• 3. Discomfort as a result of feeling threatened by group members

  • 4. Discomfort caused by feelings of guilt, sympathy or pity toward group members

The Culture of Teacher and Learner
The Culture of Teacher and Learner

Most nurse ducator are from the dominant culture and never examined their own culture.

They tend to be more homogenous.

Some authors reported that differences in

interactions between teachers and students are attributable to

race, ethnicity, or gender and the differences are reflected in students perfromance.

Variables found to promote successful student

learning and acjievemnt include faculty commitment and advisement, prompt and individualized attention to students and satisfaying relaationship with faculty staff and peers.

Nurse educators who work with

multicultural students should consider

the following:

Become self-aware of your own cultural values, norms and beliefs and the influence they have on your view of life, family of life and relationship.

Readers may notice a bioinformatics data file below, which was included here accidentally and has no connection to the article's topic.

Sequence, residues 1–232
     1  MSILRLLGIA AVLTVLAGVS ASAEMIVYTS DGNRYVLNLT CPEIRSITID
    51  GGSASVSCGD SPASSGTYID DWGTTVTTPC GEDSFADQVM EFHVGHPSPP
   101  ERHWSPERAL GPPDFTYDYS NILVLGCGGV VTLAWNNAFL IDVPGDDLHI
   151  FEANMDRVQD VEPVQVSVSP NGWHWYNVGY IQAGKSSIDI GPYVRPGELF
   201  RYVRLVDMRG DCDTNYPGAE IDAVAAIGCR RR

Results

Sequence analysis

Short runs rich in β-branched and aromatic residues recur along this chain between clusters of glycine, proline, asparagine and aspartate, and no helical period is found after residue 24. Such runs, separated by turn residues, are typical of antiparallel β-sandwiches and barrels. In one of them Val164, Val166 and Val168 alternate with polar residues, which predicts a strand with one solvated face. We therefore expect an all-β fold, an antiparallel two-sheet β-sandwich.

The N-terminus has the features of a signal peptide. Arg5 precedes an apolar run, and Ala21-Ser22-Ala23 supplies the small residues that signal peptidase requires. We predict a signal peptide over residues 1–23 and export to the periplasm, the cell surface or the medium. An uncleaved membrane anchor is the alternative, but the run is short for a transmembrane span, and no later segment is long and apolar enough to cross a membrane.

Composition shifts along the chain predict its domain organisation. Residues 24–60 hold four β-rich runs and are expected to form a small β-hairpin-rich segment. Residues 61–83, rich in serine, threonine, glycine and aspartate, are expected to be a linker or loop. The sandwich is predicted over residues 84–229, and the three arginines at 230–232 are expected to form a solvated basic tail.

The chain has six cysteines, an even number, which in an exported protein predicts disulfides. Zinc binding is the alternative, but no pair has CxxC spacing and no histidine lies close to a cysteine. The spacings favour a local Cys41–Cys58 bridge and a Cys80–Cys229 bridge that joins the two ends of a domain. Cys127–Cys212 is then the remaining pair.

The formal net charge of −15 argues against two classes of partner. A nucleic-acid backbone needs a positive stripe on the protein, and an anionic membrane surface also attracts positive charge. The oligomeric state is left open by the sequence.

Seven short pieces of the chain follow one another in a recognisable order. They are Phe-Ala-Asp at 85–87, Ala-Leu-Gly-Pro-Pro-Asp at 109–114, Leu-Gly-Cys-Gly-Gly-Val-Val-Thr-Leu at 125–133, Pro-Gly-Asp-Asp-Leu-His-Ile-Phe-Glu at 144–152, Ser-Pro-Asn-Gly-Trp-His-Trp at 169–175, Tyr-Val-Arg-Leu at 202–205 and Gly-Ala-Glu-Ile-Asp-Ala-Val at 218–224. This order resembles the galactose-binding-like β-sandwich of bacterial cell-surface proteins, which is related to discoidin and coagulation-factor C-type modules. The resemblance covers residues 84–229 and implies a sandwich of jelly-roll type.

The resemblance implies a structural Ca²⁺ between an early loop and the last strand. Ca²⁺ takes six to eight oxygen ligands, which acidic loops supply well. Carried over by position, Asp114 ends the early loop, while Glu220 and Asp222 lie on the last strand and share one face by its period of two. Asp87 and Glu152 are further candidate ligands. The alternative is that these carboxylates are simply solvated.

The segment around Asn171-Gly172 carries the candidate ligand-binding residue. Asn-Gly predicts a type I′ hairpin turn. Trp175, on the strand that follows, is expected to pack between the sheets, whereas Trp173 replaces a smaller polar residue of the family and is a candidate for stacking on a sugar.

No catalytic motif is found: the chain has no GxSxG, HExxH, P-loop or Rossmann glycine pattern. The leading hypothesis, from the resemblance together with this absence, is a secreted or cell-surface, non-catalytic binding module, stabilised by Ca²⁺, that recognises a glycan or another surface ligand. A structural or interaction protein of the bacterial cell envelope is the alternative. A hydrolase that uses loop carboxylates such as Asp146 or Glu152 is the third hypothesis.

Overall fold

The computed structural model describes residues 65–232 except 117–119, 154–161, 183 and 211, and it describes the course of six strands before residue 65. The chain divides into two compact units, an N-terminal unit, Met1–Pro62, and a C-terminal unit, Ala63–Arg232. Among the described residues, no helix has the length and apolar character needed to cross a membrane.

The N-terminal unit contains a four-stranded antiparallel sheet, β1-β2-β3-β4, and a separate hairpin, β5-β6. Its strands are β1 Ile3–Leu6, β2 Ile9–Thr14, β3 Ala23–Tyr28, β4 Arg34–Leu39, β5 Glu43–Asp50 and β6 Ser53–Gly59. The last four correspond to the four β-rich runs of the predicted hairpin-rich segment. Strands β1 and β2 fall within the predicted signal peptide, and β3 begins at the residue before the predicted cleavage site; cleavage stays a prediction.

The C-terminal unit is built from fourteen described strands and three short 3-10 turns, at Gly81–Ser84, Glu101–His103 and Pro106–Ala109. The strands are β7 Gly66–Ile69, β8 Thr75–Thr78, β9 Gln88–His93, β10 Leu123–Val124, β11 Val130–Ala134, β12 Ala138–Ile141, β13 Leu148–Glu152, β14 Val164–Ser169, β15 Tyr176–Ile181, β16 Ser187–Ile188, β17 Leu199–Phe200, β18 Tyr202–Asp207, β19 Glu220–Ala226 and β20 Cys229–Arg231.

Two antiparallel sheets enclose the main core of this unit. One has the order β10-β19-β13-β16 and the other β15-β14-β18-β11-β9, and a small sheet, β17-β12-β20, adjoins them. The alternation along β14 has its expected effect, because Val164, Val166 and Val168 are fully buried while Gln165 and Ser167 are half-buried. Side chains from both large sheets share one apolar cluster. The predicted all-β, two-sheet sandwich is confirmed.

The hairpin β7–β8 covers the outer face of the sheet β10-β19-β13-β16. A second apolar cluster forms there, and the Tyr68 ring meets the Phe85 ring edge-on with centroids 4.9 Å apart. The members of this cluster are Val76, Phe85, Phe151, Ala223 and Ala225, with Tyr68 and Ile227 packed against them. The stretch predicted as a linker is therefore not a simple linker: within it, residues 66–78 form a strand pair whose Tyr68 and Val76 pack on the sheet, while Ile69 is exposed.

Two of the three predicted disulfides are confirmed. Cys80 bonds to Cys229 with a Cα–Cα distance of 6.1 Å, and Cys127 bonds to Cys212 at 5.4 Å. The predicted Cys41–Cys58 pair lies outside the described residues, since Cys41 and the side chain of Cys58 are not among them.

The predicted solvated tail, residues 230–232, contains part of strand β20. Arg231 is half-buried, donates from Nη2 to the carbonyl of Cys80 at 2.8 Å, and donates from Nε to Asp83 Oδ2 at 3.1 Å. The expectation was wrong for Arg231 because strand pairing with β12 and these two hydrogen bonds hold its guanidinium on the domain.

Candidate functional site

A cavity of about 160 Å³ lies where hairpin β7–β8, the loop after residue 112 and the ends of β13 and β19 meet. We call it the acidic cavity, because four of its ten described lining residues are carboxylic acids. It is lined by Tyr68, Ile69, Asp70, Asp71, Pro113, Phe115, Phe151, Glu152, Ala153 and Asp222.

Develop and maintain an attitude of respect for the broad

range of cultural differences and their importance to

individuals. Identify and value the strengths in different cultural values and beliefs rather than becoming critical to them.

Develop a strategy for continuing education about

predominant culture in a given community or institution

Consider the use of other professionals and members of other cultures to learn more about their culture.

Assessing the culturally diverse learner
Assessing the culturally diverse learner
  • 7 factors in assessing differences

between people in cultural groups

Communication

Biological Variations

Environmental Control Space

Social Organization

Time

C BESST

Communication

The means by which